Does anyone else have on their reference shelf a useful how-to book, published in 1986, titled Writing the Modern Mystery, by Barbara Norville? I’m not even sure where I found mine, but the other day I was flipping through it and found an interesting discussion I thought I’d share.
Vicki Doudera here, coming to you after yet another Maine snowstorm, with a post based on a section of this book in which Ms. Norville talks about three different types of writers.
The first, she says, will want feedback as they are writing, and will seek out a targeted audience of family and friends who will most likely be pretty gentle with any criticism.
The second approach to writing involves what she calls a lot of “Dutch-Uncling.”
Is this right?No, it doesn’t sound right. How about this?
She says that as this type of scribe is testing her ideas, she is doing “as much worrying as writing,” as well as building a self-image as a writer.
The third kind of writer, according to Barbara Norville, prefers to bear the “entire weight and responsibility of ego and output.” A “type three” writer will wait until a manuscript is finished and ready to show the world.
I’ve fit into this latter category for books one through four of the Darby Farr Mystery Series. Despite my husband’s kind offers to read my drafts at various points, I would always demur until I felt I had some kind of polished whole. I would wait until I typed THE END, not just on the first draft, but on the third or fourth, before giving it to him to read.
The interesting thing is that Book 5 of the series requires a different method.
I’ve never done this, but I decided to give Ed the first 150 pages of the manuscrpt. I gave him 150 pages because that’s what I had finished at the time. Being behind in my writing, I thought that perhaps some feedback would be helpful and motivating. I asked him not to read with his trusty red pen, but simply to read.
I knew this could backfire. My husband is an attorney, trained to read so carefully that it’s scary. But he understood his task and agreed to help me out.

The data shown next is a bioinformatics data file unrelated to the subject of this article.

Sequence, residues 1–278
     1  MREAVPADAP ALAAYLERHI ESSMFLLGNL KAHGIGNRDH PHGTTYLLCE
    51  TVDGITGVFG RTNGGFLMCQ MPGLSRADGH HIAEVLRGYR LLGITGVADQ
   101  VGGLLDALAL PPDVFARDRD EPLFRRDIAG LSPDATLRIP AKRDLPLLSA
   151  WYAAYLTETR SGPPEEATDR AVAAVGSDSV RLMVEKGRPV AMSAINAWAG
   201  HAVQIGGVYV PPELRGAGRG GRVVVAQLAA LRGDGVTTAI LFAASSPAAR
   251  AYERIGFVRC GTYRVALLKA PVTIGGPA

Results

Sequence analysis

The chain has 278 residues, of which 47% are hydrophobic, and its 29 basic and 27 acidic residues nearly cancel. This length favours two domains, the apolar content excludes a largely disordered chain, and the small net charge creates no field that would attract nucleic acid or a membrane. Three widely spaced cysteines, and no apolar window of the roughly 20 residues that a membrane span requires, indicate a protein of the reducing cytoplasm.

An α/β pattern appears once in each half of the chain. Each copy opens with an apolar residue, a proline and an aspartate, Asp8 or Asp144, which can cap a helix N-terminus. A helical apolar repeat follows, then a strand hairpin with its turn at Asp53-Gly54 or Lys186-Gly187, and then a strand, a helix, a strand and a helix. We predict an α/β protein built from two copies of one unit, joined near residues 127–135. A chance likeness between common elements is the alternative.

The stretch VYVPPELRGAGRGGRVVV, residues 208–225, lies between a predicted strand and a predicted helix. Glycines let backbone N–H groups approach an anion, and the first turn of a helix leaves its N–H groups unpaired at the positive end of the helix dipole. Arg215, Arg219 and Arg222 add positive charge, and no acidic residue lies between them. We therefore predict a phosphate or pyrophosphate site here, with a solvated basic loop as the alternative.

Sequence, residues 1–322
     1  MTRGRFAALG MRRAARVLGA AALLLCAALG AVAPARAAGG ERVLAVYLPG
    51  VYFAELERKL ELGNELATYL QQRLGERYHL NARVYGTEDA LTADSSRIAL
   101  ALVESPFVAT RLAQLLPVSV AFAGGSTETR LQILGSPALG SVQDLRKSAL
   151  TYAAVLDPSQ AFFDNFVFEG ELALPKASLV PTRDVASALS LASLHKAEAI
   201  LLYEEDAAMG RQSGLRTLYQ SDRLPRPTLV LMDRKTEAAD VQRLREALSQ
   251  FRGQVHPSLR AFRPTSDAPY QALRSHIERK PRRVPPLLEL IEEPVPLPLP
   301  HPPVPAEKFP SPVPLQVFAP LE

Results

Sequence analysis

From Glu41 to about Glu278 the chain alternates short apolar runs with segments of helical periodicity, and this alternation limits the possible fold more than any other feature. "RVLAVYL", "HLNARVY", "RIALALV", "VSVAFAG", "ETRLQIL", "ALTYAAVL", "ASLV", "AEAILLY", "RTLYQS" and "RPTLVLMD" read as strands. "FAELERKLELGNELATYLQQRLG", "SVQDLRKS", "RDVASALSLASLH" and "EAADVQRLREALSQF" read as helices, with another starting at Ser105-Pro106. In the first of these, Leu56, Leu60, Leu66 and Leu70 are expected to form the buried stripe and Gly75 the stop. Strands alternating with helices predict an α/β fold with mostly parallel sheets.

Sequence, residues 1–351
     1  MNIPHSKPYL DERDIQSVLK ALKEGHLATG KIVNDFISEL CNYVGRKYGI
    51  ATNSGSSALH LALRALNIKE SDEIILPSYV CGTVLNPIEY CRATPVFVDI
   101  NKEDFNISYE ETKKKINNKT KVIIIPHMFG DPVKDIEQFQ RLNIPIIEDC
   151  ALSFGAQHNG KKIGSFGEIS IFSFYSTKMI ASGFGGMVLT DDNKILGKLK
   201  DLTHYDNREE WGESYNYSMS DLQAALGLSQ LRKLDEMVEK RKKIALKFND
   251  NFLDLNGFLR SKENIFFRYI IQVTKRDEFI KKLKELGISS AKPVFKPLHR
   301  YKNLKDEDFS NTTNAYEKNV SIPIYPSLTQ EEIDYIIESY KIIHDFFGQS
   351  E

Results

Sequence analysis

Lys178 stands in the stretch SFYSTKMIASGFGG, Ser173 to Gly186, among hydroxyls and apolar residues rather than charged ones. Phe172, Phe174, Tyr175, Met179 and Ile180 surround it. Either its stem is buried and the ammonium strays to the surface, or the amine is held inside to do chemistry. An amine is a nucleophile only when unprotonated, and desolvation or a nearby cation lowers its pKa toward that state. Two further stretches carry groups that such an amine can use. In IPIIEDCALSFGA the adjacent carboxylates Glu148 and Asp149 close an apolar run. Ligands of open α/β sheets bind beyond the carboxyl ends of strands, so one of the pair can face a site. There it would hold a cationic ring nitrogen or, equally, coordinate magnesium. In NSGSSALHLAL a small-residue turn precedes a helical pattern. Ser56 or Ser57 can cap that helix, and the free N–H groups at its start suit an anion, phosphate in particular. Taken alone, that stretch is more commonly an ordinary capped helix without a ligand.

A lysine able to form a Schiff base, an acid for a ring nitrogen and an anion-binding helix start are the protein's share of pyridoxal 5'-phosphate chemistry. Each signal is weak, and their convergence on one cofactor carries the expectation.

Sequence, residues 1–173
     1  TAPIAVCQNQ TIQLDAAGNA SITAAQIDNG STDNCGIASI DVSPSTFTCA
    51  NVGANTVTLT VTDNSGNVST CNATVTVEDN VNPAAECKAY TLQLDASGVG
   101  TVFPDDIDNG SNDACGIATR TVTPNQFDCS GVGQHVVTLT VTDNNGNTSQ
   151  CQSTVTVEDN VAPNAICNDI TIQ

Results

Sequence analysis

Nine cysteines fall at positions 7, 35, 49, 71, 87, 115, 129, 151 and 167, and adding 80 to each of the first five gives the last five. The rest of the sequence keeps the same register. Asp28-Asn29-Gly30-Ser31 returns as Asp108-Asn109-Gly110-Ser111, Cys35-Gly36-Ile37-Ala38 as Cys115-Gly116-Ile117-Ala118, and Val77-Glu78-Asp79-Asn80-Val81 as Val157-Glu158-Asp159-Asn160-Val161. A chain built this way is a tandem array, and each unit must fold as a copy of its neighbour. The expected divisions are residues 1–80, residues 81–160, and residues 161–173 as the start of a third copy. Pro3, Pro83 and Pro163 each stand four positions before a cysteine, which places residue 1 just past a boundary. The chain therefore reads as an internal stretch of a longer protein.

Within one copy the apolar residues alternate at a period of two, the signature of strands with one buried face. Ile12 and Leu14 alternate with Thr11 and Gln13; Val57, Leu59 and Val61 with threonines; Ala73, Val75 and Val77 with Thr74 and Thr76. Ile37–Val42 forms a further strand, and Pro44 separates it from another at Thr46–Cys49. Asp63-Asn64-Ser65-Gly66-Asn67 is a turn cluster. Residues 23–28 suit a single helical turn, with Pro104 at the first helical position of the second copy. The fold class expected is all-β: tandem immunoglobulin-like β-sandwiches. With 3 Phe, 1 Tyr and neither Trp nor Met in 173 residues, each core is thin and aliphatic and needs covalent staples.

If you work at this business of stringing words into stories, what kind of a writer are you? Do you enjoy feedback as you go along? Do you worry as you write? Or are you someone who prefers to show the world a finished whole?
If you’re someone who reads for a writer, follow my husband’s example and know when that red pen should stay safely in the drawer. Sometimes we need a little encouragement to get those next 150 pages under our belts.
This is still one of my favorite “go to” books when I’m teaching mystery writing, Vicki. Great book.
I’m a never show anyone a single word until the book is in third draft type myself.
Interesting, Kate — I will make an effort to sit down and read Barbara’s book more carefully now that I know you’ve found it helpful. I suppose that no matter how long one is at this business, there is always some new nugget of wisdom that can help.
Yessss! Barbara Norville wrote of the best books on how to write mysteries in the field and I often look at it!!! Thelma in Manhattan
Hi Thelma — good to know. I found mine completely by chance. The library book sale? Or maybe even the “swap shop” at the dump… hate to say it but I’m sure one day all of our books will be in used book sales and in swap shops.
Interesting, Vicki! I have that book, but it’s high on a shelf and I haven’t looked at it in ages. You’ve motivated me to take it down and re-read.
I’ve had a writers’ group more years than I care to reveal. Over the years, we’ve learned what’s helpful at what stage in the manuscript. While the comments are inciteful, they’re also encouraging. So I feel like we’re somewhere between type one and type two?
I hear you. I did say to Ed that I wanted/needed positive feedback… and he understood perfectly what I meant! Whew….
Insightful. Inciteful would be something else all together.
I can well imagine comments being inciteful….
I can well imagine mariticide had I been given the “wrong” comments…
Hmmm. I needed lots of feedback while working on the first mystery in my series. Mainly because I didn’t know if I really knew what I was doing. I exchanged ms pages long distance via email with an experienced mystery writer friend who is also a lawyer and a family court judge. Her critiques were extremely helpful. I also gave pgs to my husband, also a writer, as I finished them, for his comments — also very helpful. I didn’t show my second book in the series to anyone until finished. I plan to do the same with the third, which I’m now working on.
Sandy, good job describing the way our need for feedback can change. Good luck with the third mystery!
I love that book, glad I am not the only one who does. I’ve been meaning to reread it.
I like to have a finished draft to show my first reader.
I sent off the first (supershort) article I ever wrote without telling anyone at all, forgot about it until my husband asked me what that $50 check was for. (Obviously not what one would usually advise anyone to do and not what I ever did again, but it was a simple story & I edited it for months before sending it off.)